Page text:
8. The first witness examined by the prosecution is the Rakshak Laxman Rane (P.W. 4). It is unnecessary to refer to his evidence which deals with the circumstances in which he and his colleague, the other Rakshak called Bandagi Husen Shaikh happened to be on the railway track. He has stated that they noticed a truck standing on the bridge of the railway track and suspected that it was being loaded by stolen railway property viz., the CST 9 plates. It is somewhat mysterious, the way he, standing on the Railway track could make out that the truck stationed on the bridge was being loaded by CST 9 plates and nothing else. Fact remains that as per the evidence of this witness, the two policemen did have the said suspicion. At that time they were accompanied by two gangmen. The evidence of P.W. 4 Rane shows that all the four of them took effective steps for blocking the way of the truck by doing some cross-country running. The evidence of P.W. 4 further shows that when the truck stopped, one of the inmates of the truck got down and assaulted P.W. 4. His colleague therefore opened fire at the truck. The driver tried twice to reverse the truck. In his second attempt to reverse the truck, it left the road and got stuck in the mud by the side of the road. By virtue of the sound of the gun, villagers rushed to the place of offence. The inmates of the truck tried to take to their heels, but four out of them were apprehended by the police and the villagers.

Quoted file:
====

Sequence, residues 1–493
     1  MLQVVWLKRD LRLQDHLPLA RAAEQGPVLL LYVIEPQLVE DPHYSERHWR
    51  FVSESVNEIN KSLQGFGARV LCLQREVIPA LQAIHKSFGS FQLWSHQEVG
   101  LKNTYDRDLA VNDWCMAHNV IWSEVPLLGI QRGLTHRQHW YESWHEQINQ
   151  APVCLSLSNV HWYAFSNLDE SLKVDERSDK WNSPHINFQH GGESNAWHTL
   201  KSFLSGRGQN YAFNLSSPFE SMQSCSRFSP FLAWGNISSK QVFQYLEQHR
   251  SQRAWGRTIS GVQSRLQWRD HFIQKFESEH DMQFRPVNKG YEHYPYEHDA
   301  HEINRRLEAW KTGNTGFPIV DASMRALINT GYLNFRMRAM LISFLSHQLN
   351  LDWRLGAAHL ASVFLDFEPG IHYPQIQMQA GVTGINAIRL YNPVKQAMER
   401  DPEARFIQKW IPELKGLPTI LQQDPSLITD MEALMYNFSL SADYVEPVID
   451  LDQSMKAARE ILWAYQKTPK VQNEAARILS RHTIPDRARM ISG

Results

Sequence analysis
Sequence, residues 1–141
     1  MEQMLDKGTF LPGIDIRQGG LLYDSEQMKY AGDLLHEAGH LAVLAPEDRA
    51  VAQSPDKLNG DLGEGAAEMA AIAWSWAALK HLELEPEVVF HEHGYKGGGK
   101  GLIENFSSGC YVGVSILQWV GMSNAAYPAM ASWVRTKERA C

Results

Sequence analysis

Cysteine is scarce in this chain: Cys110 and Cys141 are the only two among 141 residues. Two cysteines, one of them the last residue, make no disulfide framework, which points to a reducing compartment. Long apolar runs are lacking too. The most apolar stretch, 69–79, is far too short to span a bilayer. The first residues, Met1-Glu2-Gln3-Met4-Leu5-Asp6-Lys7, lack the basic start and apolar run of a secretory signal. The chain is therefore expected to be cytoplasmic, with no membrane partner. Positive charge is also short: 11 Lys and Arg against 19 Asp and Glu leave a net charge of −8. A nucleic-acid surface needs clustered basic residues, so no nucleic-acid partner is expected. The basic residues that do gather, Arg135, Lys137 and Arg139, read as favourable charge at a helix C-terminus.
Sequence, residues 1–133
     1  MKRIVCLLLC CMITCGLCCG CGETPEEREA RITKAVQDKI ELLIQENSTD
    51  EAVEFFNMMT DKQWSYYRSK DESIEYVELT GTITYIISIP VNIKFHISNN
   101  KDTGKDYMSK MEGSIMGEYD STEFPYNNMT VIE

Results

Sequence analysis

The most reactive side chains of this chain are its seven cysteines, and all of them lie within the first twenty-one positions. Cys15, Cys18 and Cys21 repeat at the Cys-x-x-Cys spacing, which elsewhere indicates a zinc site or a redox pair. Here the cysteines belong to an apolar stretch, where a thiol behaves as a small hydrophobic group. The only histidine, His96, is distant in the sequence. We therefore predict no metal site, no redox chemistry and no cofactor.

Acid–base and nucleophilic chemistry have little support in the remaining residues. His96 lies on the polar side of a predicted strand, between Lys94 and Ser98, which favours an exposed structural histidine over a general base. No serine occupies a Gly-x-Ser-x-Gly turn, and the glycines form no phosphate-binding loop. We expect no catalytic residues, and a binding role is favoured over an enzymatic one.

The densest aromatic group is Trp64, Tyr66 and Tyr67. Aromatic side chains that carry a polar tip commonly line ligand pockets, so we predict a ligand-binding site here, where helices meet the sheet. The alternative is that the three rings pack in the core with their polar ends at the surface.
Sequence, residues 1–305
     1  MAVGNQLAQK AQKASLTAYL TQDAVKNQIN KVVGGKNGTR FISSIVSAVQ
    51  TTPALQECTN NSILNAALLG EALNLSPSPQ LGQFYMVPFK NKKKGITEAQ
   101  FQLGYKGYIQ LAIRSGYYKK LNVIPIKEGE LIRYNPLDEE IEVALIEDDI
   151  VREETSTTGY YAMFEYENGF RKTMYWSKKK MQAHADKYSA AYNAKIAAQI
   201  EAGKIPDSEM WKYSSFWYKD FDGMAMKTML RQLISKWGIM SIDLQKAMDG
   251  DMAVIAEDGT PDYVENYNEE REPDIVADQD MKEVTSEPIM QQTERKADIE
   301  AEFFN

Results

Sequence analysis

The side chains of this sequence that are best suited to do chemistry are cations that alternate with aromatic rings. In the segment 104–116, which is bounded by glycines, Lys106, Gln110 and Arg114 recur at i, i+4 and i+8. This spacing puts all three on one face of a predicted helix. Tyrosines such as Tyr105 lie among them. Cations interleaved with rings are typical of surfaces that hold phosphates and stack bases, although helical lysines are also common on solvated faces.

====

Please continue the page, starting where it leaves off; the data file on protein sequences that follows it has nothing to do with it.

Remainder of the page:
His evidence further shows that the accused were taken to the police station and that he lodged the first information report at the police station.